Between having a meltdown at SXSW (DIIV group posted an angry blog attacking the festival as too corporate), getting in a Twitter beef with Grimes over the meaning of being vegan and singer Zachary Cole Smith getting arrested with Sky Ferreira on drug charges, 2013 wasn’t a vintage year for DIIV.
Puddle of Mudd singer Wes Scantlin was arrested for attacking a neighbour’s home with a chainsaw after a dispute over a patio in July. Not your finest work.
It was a similar story at the polar end of the pop spectrum with Girls Aloud bowing out at the top – with, um, dreadful single ‘Beautiful ‘Cause You Love Me’ and some blockbuster tour dates – and splitting in regimented, forensically managed fashion. Girls Aloud’s ascension to a better place had been coming for months. Everyone knew that. Everyone, apparently, except Nadine Coyle. “You should know by now I had no part in any of this split business,” she tweeted to the fans.” I couldn’t stop them. I had the best time & want to keep going.” Coming from someone who’d looked as if they’d rather be anywhere else since about 2006, this was less than convincing.  Other bands shuffled off this mortal coil in 2013 in rather more plausible circumstances.

There really was nowhere for Lostprophets to go after Ian Watkins’ arrest – “We can no longer continue making or performing music as Lostprophets,” they announced on Facebook in October, but HMV were busy making their decision for them anyway. The Postal Service on the other hand blazed out on pleasant terms, rounding off their belated lap of honour at Lollapalooza in August, never really in it for the long haul. The slightly more volatile Mars Volta fell to pieces just so Omar Rodríguez-López and Cedric Bixler-Zavala wouldn’t have to share the same oxygen anymore.But sometimes it’s all about frustration.
This autumn we also said goodbye to Tribes who, after four years, two albums and three whole weeks on the chart, broke heart(s) across the globe.  London four-piece Tribes split up after being reportedly being dropped from their label, Island. “We are proud of what we achieved together. You gave us the best four years of our lives so far,” the band wrote in a statement released via their Facebook page.”We are proud of what we achieved together,” their statement read, to blank looks all round. And New York shoegazers Asobi Seksu finally tired of making lovely music no one gave even half a hoot about, but suggested “we may write for Asobi again in a couple of years” to general apathy.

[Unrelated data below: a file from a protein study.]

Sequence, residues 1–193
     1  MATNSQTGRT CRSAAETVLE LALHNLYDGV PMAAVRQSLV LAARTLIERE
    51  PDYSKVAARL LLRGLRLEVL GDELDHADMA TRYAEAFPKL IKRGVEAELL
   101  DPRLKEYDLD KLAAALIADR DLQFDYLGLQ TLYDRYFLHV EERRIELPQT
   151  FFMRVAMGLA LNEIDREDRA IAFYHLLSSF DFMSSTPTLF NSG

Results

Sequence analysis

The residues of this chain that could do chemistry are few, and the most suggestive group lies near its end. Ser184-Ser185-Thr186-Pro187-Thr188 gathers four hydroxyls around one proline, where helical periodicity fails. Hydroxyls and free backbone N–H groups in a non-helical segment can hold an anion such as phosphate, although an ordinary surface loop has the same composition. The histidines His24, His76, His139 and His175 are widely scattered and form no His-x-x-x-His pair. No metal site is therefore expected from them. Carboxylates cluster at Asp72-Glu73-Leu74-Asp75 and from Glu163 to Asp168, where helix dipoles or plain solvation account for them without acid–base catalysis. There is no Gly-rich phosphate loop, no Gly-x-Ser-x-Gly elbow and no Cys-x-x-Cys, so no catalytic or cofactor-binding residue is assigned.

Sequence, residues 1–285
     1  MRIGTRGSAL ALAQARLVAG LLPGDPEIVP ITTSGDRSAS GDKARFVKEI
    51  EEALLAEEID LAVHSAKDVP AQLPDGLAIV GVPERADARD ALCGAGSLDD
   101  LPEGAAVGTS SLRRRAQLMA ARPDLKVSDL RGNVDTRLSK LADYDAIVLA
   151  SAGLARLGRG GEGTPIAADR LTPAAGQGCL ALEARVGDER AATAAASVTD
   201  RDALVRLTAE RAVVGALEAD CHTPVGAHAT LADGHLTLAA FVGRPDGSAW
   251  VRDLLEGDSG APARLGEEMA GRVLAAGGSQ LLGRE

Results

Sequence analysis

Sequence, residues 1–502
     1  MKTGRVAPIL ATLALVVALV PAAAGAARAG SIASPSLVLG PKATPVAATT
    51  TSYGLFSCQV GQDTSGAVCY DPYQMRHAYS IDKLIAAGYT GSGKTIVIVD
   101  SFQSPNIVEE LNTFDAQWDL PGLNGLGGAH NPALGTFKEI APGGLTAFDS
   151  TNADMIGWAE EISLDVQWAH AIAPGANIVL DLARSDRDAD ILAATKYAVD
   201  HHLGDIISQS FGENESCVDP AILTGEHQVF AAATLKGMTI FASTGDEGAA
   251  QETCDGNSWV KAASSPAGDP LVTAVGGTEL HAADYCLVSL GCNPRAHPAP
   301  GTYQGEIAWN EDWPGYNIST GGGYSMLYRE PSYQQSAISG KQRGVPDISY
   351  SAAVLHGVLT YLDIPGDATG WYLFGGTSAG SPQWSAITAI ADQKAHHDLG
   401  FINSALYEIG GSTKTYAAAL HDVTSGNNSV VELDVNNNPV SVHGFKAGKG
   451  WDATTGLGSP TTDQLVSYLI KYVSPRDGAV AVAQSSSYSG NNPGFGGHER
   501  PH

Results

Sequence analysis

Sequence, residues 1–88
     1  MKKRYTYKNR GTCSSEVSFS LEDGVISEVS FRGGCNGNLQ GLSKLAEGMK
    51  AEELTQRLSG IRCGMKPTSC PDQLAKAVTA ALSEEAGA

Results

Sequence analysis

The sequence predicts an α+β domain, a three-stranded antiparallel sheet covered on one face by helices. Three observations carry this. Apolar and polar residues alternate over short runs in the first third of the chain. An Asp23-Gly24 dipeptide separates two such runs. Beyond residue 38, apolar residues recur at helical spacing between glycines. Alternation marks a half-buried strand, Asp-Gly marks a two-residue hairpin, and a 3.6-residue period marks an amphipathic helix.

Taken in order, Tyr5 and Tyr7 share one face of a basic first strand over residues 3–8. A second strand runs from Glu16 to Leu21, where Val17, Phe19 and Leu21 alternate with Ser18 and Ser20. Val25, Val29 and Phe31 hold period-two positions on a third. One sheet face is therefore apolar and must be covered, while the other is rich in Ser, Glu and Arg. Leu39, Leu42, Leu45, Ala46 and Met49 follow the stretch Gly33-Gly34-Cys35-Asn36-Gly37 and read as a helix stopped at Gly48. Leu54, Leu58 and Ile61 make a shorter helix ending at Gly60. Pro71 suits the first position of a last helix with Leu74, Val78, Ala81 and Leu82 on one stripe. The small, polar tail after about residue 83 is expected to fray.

The Calling singer Alex Band was kidnapped at gun point.

The Calling singer Alex Band was kidnapped at gun point.

The Calling singer Alex Band was kidnapped at gun point, beaten and tied to train tracks in August. He was in Lapeer to perform at a music festival with his band when men in a van snatched him from a convenience store at 3am and inflicted the attack.
No such promises from Swedish House Mafia, whose long, painful demise was confirmed with their final live appearance in March. Worldwide celebrations were cut short when everyone twigged this only freed up Sebastian Ingrosso, Steve Angello and Axwell to wreak their awful devastation three times over, like an EDM Hydra.
The killer blow came from The Flaming Lips. On 24 October they shocked Twitter with the terse words, “We have sad news. We’ve broken up…”, just months after releasing their finest album in years, ‘The Terror’. Twenty minutes later : “lol just joking guys”. The worst part of finding out the feed had been hacked was the realisation that it wasn’t actually them telling everyone to buy the new single from X Factor flops Union J. Now that really would’ve been going out in style.